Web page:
There are certain aspects of your whiteboard cartoon and how to “think” whiteboard that can be completely left up to your vendor’s discretion and discretion. After all, it is for this reason that you are collaborating with them. While it’s great to delegate tasks to experts, it’s always beneficial for clients to understand how their vendor thinks and why they make the decisions that they do in order to better understand their vendor. Understanding this can both aid in the facilitation of conversation and the saving of valuable time during the initial stages of a project’s development.
The Whiteboard Cartoon and How to “Think” Whiteboard Cartoon and How to “Think”
Is it possible for you to watch a film that is based on a book you’ve read? Because you’re exposed to the same material in two drastically different formats, it can be a surreal experience. Most of the time, there are significant differences between a book and a film. Some of the differences are minor (unimportant deleted scenes, two peripheral characters merged into one), but others are significant (two peripheral characters merged into one) (completely different time or geography, change of character motivation, exchanging a sad ending for a Hollywood-friendly happy ending).
Everything has been changed because a book is a different medium than a film; decisions must be made in order to keep things succinct and compelling. This is why the Academy Award for Best Adapted Screenplay is considered to be one of the most prestigious and prestigious awards in film. Screenwriters spend years honing their skills in order to determine which plot points are truly essential and how to incorporate them into the final product.
Making a whiteboard cartoon is a lot like adapting a book for the screen, which is something to consider. There is usually a plethora of material to choose from, but the difficult part is determining which ideas are most important to pursue further. Clients who are looking for a short 1-2 minute video are frequently surprised to learn just how quickly that time is consumed by the process. Here’s a formula that can be helpful: 130 words equates to approximately one minute of screen time.
As an example, the first two paragraphs of this blog are equivalent to nearly three minutes of screen time! Don’t be surprised if your whiteboard cartoon team needs to revise your ideas in order to ensure that everything that is truly important to communicate receives the attention it merits.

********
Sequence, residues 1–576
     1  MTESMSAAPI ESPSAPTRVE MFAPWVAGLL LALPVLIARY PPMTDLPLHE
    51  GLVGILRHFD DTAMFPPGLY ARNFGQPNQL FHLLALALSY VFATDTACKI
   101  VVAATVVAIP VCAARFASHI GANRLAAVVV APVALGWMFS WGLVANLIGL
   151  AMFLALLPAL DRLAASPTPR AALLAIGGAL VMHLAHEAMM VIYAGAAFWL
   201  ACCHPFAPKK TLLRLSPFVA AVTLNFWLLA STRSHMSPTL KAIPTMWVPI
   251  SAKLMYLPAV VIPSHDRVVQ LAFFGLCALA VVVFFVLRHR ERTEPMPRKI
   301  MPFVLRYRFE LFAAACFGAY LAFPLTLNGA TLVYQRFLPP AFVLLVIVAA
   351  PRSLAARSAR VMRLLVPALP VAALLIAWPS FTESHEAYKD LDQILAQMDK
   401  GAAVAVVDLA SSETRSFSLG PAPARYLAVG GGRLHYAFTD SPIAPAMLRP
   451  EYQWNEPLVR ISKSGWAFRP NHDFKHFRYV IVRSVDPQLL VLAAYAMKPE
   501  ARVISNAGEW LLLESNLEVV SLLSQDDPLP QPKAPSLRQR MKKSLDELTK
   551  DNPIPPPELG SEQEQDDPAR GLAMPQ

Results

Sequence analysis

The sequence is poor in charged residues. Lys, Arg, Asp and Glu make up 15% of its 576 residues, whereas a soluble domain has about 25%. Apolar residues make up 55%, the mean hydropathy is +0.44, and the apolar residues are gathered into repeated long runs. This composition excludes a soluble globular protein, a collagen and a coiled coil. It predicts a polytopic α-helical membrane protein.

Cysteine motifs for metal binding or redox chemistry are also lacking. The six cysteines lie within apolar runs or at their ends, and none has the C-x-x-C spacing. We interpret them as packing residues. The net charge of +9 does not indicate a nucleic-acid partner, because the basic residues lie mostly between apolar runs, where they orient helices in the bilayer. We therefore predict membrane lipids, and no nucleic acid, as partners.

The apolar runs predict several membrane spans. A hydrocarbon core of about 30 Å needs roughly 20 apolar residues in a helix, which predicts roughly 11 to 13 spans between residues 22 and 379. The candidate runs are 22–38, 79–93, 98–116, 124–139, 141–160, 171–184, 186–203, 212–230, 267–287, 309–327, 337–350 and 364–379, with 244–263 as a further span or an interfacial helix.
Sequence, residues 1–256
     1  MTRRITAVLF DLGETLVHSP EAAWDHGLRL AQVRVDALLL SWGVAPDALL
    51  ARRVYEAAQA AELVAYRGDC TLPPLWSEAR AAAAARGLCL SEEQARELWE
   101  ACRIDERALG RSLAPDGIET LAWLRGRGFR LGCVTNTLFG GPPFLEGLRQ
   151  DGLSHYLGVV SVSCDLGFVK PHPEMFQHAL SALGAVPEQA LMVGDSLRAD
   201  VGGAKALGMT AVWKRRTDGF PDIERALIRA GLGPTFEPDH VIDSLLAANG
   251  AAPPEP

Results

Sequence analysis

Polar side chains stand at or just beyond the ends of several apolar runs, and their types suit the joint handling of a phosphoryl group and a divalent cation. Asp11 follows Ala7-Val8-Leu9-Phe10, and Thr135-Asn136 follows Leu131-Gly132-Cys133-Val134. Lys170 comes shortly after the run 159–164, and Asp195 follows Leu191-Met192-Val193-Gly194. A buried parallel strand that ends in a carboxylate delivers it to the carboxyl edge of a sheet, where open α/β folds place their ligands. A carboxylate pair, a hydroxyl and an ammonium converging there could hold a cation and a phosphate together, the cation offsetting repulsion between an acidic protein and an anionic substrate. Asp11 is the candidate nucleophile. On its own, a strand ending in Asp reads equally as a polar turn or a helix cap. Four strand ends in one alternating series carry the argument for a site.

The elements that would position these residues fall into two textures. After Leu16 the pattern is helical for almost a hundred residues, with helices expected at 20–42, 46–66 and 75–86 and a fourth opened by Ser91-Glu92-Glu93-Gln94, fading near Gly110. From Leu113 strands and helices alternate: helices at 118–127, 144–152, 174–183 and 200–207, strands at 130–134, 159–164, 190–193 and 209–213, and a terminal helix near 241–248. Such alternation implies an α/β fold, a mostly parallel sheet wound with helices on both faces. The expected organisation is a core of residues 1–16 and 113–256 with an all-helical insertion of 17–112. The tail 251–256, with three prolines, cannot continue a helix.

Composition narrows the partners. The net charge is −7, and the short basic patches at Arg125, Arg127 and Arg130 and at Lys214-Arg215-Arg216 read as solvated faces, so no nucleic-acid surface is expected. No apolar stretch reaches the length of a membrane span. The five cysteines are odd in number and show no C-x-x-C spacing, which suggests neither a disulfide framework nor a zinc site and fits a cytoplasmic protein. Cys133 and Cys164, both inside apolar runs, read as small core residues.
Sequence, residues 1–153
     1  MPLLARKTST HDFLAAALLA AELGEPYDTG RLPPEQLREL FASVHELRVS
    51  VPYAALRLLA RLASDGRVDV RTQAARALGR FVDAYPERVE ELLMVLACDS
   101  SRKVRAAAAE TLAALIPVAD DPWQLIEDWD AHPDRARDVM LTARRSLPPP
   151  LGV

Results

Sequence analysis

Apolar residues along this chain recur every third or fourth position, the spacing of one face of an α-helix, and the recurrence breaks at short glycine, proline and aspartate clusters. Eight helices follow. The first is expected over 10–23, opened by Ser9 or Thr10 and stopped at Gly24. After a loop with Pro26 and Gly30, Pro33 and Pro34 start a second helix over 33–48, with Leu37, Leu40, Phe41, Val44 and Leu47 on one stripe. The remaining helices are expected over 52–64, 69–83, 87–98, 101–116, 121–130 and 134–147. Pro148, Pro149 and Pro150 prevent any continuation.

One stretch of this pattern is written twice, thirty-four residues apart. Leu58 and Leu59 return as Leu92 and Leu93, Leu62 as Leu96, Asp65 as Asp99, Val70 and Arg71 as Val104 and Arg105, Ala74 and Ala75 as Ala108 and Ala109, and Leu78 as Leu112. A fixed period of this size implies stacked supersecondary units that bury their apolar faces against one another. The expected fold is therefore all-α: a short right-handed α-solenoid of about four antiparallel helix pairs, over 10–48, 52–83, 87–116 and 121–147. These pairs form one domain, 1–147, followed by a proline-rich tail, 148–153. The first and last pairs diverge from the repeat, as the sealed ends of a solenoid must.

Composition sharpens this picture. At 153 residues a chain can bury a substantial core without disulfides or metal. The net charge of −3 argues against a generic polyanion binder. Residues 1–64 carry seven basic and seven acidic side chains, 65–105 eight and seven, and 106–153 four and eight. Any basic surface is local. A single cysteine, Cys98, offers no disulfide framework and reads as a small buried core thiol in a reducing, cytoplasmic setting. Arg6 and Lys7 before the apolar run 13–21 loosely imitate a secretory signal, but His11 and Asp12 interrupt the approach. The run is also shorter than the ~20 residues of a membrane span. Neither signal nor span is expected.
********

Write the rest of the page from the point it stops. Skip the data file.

So, having said that, what are some of the ways that you can begin thinking about whiteboard cartoons even before you contact a whiteboard manufacturing company?
For starters, instead of thinking in terms of paragraphs, try thinking in terms of bullet points. When you see a whiteboard cartoon, your first instinct might be to treat it as if it were an animated PowerPoint presentation. Actually, it’s more accurate to think of your whiteboard cartoon as an animated version of your elevator pitch, complete with the same time constraints and requirement for concentration. Hold on to only the most important and necessary information, discarding anything that does not serve a useful purpose as quickly as possible.
Second, keep in mind your emotions. Because all selling is emotional, even though you may believe it is important to explain the intricacies of how your stock-trading app works, it is actually far more important to emphasise how the app will benefit people and make them feel than it is to explain how the app will benefit and make them feel.
Finally, consider framing the story for your whiteboard cartoon using the perspective of a single individual. Making a conscious effort to keep the number of characters in your whiteboard video to a minimum will aid in keeping the emphasis where it belongs and ensuring that the story you tell remains intimate and relatable. Take advantage of the fact that whiteboard cartoons are a very intimate form of communication by telling a personal story on the board.